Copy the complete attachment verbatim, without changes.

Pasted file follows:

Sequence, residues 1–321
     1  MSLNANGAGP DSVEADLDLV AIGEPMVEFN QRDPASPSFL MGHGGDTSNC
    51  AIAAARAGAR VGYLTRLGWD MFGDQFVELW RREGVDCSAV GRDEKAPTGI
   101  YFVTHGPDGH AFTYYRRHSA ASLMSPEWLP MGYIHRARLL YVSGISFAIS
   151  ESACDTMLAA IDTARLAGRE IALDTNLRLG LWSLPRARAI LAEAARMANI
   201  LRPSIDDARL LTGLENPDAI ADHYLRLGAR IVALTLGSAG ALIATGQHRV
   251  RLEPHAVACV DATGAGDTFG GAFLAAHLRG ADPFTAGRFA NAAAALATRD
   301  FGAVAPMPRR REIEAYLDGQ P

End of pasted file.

Sequence, residues 1–321
     1  MSLNANGAGP DSVEADLDLV AIGEPMVEFN QRDPASPSFL MGHGGDTSNC
    51  AIAAARAGAR VGYLTRLGWD MFGDQFVELW RREGVDCSAV GRDEKAPTGI
   101  YFVTHGPDGH AFTYYRRHSA ASLMSPEWLP MGYIHRARLL YVSGISFAIS
   151  ESACDTMLAA IDTARLAGRE IALDTNLRLG LWSLPRARAI LAEAARMANI
   201  LRPSIDDARL LTGLENPDAI ADHYLRLGAR IVALTLGSAG ALIATGQHRV
   251  RLEPHAVACV DATGAGDTFG GAFLAAHLRG ADPFTAGRFA NAAAALATRD
   301  FGAVAPMPRR REIEAYLDGQ P